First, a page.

The meaning of one of the oldest fairy tales in the world
Iona and Peter Opie, in their The Classic Fairy Tales, call ‘Beauty and the Beast’ the most symbolic fairy tale after Cinderella, and ‘the most intellectually satisfying’. It’s also one of the oldest: we can trace the archetypal versions of ‘Beauty and the Beast’ back some 4,000 years, making it over 1,000 years older than Homer. If that doesn’t make the hairs stand up on the back of your neck a little, what will it take?
Perhaps such an august fairy tale of such fine vintage deserves closer analysis, since it’s clearly spoken to many cultures across a vast time span. What makes ‘Beauty and the Beast’ so intellectually satisfying (to borrow the Opies’ phrase), and why has it endured? Well, first, here’s a quick reminder or summary of the plot of ‘Beauty and the Beast’. A wealthy merchant has three daughters, the youngest of which is admired widely for her beauty, and comes to be known simply as ‘Beauty’. Her older sisters are far prouder than she is, and let it be known that they will only marry an earl or duke. When their father loses his fortune, the two older sisters find it difficult to adjust to a life of penury, but the loyal and modest Beauty sets about finding ways to help out her father around the house. Read the rest of this entry
‘The Little Match Girl’ is one of Hans Christian Andersen’s most famous fairy tales for children. It is also one of his shortest, running to just a few pages. In any case, below we’ve offered a brief summary of the tale that highlights some of its salient points, before moving on to a brief commentary on, or analysis of, the key themes of ‘The Little Match Girl’. What is the meaning of this intriguing little tale?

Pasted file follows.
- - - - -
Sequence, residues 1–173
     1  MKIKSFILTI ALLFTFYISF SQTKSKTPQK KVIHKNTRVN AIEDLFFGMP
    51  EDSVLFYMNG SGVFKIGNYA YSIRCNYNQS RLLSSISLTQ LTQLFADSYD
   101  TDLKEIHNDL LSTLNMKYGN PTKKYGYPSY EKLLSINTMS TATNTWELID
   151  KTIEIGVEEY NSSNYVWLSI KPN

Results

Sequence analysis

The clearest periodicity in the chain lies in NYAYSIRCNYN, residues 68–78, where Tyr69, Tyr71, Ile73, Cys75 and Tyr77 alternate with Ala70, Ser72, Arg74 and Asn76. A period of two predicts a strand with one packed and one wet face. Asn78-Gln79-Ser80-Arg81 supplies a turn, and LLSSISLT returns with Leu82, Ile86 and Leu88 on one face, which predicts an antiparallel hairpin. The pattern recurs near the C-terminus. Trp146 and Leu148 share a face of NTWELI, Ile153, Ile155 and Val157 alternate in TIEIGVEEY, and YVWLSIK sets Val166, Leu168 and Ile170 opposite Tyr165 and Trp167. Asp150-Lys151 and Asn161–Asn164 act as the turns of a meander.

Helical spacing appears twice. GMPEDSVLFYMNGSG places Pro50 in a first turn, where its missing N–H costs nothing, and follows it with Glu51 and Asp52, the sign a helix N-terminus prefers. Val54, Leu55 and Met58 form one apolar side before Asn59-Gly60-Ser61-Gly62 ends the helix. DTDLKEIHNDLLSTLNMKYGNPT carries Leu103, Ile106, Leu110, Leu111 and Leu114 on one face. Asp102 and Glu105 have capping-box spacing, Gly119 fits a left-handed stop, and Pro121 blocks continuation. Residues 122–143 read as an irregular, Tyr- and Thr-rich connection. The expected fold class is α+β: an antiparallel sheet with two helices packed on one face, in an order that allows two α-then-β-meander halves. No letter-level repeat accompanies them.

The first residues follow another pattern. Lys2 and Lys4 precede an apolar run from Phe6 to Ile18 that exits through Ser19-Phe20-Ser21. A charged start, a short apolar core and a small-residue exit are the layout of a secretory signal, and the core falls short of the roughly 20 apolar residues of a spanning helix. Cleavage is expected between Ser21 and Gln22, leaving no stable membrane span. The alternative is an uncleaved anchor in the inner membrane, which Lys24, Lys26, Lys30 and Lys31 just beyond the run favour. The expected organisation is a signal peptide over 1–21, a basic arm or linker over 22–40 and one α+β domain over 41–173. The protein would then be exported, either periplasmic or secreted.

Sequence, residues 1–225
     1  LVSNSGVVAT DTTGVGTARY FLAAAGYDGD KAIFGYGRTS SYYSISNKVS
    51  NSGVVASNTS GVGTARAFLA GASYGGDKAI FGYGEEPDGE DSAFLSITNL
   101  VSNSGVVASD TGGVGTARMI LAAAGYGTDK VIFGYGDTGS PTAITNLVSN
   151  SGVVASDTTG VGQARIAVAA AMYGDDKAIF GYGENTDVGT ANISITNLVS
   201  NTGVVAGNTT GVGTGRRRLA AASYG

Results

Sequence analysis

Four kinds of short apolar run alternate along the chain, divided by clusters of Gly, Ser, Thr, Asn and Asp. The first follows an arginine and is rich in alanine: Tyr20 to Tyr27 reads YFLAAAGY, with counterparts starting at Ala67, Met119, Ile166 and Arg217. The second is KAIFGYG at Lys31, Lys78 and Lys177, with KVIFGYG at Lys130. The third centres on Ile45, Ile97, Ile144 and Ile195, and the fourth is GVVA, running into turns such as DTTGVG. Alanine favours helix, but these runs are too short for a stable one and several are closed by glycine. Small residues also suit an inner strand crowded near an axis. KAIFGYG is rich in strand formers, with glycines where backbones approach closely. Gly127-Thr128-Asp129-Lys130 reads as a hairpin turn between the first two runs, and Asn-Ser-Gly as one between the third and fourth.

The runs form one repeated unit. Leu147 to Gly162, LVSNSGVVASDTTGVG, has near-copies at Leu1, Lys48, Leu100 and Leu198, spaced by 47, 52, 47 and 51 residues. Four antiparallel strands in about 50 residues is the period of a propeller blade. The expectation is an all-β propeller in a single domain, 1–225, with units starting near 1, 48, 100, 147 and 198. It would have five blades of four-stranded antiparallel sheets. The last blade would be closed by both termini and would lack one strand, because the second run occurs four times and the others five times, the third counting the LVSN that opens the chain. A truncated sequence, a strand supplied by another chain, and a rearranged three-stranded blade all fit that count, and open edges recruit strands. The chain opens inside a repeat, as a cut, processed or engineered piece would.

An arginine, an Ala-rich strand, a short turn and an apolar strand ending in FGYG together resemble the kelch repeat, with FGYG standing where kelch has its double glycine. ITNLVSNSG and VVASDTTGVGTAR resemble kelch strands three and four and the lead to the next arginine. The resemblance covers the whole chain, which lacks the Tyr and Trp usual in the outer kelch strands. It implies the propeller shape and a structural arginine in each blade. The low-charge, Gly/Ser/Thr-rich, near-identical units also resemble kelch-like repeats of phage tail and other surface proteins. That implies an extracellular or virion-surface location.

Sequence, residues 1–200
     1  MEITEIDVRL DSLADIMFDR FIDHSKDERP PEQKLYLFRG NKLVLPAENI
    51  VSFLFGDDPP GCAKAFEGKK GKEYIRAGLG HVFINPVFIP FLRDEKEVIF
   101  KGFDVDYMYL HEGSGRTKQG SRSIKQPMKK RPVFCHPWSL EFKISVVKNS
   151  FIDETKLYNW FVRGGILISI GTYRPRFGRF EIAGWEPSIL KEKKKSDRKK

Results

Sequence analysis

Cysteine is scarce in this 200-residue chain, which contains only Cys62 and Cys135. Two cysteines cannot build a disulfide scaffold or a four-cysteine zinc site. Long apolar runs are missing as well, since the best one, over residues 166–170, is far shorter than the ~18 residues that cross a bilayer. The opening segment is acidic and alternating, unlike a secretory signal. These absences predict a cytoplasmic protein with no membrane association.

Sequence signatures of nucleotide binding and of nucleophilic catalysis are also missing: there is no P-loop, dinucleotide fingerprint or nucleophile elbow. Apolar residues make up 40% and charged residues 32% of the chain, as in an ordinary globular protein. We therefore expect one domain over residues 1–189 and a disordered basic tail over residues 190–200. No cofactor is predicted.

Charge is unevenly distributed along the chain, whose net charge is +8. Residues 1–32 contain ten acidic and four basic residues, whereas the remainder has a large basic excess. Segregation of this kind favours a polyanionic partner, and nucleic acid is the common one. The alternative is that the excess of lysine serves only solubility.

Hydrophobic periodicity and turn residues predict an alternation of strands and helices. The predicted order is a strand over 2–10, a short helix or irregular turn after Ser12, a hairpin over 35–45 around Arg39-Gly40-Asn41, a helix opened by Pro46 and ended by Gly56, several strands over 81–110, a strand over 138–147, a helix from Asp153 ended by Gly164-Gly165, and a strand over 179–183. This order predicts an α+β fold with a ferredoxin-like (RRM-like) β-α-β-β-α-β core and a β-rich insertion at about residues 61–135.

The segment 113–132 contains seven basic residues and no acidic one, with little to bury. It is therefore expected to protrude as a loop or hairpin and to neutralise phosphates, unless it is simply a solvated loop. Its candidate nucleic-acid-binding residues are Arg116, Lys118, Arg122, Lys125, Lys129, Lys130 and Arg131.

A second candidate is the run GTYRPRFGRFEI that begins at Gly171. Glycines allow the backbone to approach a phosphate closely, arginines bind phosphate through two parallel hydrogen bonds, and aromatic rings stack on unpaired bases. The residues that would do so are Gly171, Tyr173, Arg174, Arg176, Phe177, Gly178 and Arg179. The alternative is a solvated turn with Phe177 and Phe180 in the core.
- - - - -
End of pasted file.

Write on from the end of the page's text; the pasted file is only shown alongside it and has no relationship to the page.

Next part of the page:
In summary, on New Year’s Eve a poor little girl leaves home, wearing the only shoes she owns in the whole world: her mother’s old slippers, which are too big for her little feet. As they’re too big, they fall off her feet, and a boy runs off with one of them while the other is lost in the street. She wants to go home, but she hasn’t sold any of the matches she left home with yet, and knows that if she returns home without having made any money, her father will beat her. But she is so cold, with the snow falling about her, that she goes and crouches in the corner of a house, and lights one of the matches. As the flame comes into life, she Read the rest of this entry
On a well-known fairy tale
‘The Princess and the Pea’ is one of the shortest of the classic fairy tales. It also manages to be simultaneously one of the most straightforward and one of the most baffling. It’s straightforward because its plot is so simple, but it’s almost too simple. What are we to make of this tale of royal oversensitivity to bed-dwelling vegetables? Does the fairy tale (if it even is strictly a fairy tale at all) have any discernible moral?
It is easy to summarise ‘The Princess and the Pea’: a prince wishes to marry a princess, but he wants to make sure she is a real princess, rather than one of the dozens of royal pretenders who appear to inhabit the realm. He goes on an extensive search to find his royal bride, but he cannot be completely sure that any of the women he meets are bona fide princesses. This pickiness when it comes to courting looks set to end in perpetual bachelorhood, until one day, on a dark and stormy night, a young woman arrives at his castle, asking to take shelter inside until the storm has passed. The woman claims to be a princess, so the prince’s mother takes a pea and places it under twenty mattresses in the bed where the princess is to spend the night. Read the rest of this entry